Despite security jams and smaller-than-expected crowd, Nutter declares papal visit a success

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 Mayor Michael Nutter looks back on the papal visit during a press conference in the Mayors Reception Room at City Hall. (Emma Lee/WHYY)

Mayor Michael Nutter looks back on the papal visit during a press conference in the Mayors Reception Room at City Hall. (Emma Lee/WHYY)

Some lines full of pilgrims hoping to squeeze into the Benjamin Franklin Parkway for Sunday’s papal Mass were hours long.

 

The backlog of those headed for the security screening occurred even though preliminary estimates show the expected crowd of  up to 1.5 million people did not materialize for the Mass.

Still, Mayor Michael Nutter called the visit of Pope Francis to Philadelphia and an accompanying litany of events a success.

With about a dozen people standing behind him at a Monday morning news conference, Philadelphia Mayor Michael Nutter was the only one to answer questions during the papal visit post-mortem. 

 

An official crowd estimate is not ready, he said.

“I’m pretty sure, on numerous occasions, I probably said somewhere in a range from a million to a million and a half,” he said. “That, of course, is based on a number of previous events … ultimately whoever comes is the group of folks who come.”

He acknowledged that some people waited hours to go through security screenings.

“There were two particular points, checkpoint areas, that seemed to experience heavier volume than some others,” Nutter said. “The Secret Service, I know, sought to address those issues and also made some other adjustments to get other people in.”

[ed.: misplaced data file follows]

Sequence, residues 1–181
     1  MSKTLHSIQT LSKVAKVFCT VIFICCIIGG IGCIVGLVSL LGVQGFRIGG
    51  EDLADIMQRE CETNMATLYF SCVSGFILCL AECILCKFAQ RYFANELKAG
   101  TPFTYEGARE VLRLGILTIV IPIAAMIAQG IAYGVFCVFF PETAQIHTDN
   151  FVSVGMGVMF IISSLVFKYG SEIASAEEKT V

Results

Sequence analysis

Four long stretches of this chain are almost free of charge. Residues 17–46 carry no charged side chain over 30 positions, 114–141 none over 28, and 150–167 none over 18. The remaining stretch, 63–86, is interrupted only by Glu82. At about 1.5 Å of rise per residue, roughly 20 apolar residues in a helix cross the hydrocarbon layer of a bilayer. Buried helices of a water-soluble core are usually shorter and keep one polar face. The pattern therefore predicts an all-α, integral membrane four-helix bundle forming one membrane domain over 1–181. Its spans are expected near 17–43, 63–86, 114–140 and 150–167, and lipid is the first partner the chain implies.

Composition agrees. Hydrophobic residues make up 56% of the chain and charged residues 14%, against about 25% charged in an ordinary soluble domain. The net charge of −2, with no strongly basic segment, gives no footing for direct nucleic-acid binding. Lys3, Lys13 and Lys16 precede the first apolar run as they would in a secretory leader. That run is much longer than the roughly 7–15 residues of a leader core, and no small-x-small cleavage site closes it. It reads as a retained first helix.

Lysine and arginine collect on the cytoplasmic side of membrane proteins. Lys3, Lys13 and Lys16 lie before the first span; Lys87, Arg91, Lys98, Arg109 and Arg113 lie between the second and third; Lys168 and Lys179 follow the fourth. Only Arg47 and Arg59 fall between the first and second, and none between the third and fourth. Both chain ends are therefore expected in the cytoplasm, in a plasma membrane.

David Beach, the Secret Service agent in charge of the agency’s Philadelphia office, attended the briefing but would not comment on Nutter’s statement.

The mayor also said even those who turned away in frustration had the opportunity to see the Mass on the massive video screens stationed around the city and outside the security checkpoints.

“You will reach a point, even if it was perfect, where no one else can physically get into that space they have got to make some alternatives,” he said.

Nutter insisted the intense security measures were necessary.

“I didn’t set the number of checkpoints,” Nutter said. “That’s the expertise and safety of the Secret Service.  A lot of people did get through, there’s only so many people that can fit though the most secure area and, as best I could tell, it was full.”

Although the restrictions were upsetting to many, he said, they were necessary.

“An event of this magnitude and size and the volume of people necessitated having a certain level of  restrictions, which you will see for any large outdoor event,” he said.

With no official crowd estimate ready, preliminary guesses have been hovering around 800,000.

Nutter blamed the media at least in part when talking about a lower than anticipated turnout.

“I think the reporting on any number of aspects of this was detrimental to the mindset of many  Philadelphians and others.  I think that, in some instances,  you all scared the s— out of people with some of the stories.”

Just three arrests were reported in the “traffic box” over the weekend, Nutter said — one DUI, one probation violation and one person who tried to bring a large stash of illegal drugs through a security checkpoint.

A full review of the weekend’s event is planned, Nutter said, that could help the city prepare to host the Democratic National Convention next summer.

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